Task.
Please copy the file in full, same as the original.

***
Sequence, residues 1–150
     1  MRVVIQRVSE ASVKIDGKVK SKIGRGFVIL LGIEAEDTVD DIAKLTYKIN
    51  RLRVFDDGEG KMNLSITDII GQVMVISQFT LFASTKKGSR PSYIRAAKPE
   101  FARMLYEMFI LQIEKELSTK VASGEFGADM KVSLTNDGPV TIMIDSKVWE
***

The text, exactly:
Sequence, residues 1–150
     1  MRVVIQRVSE ASVKIDGKVK SKIGRGFVIL LGIEAEDTVD DIAKLTYKIN
    51  RLRVFDDGEG KMNLSITDII GQVMVISQFT LFASTKKGSR PSYIRAAKPE
   101  FARMLYEMFI LQIEKELSTK VASGEFGADM KVSLTNDGPV TIMIDSKVWE